Most permanent pasture plants are small-seeded and rather slow in becoming established. Use of these pastures during the year of seeding should be delayed until the plants are firmly rooted and growing vigorously. Turning birds into a perennial pasture too soon after seeding may result in poor stands as many plants will be killed by trampling and others will be pulled out by the grazing birds. Late fall grazing of new seedings should be avoided. It usually is necessary to mow new perennial pastures once or twice during the first year to control weeds. This mowing should be done when the weeds are flowering or before seeds develop. The cutter-bar of the mower should be set three or four inches above the ground to cut the weeds with a minimum of injury to the young forage plants.
In a survey made before starting this experimental work, it was found that there was considerable confusion in the minds of many poultrymen as to the relative efficiency between the mash and pellet methods of feeding. A review of the literature on turkey nutrition and methods of feeding failed to disclose any studies which would be of assistance in answering this question. As a result, an experimental program was outlined to investigate several methods of feeding growing turkeys.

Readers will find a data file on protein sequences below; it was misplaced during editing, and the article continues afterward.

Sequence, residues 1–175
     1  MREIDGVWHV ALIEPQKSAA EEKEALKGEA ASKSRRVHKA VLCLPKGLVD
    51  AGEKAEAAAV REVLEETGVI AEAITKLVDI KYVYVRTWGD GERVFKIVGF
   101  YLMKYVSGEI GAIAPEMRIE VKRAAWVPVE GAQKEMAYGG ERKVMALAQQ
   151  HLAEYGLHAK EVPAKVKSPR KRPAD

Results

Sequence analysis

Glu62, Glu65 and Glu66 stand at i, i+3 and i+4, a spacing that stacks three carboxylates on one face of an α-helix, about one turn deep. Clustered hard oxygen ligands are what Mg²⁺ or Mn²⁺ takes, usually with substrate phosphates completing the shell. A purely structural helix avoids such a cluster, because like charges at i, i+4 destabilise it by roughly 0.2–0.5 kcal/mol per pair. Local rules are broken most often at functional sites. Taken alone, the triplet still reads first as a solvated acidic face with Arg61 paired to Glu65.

“Don’t let them out in the rain, they’ll stare up into it and drown…” Our experience with turkeys has been completely the opposite. While most poultry species aren’t exactly bright, we find that turkeys are lovely, personable, and most important for the self sufficient homesteader — extremely efficient converters of grain and forage into delicious meat. In 5 months, a turkey can grow from a few ounces to 20-30+ lbs.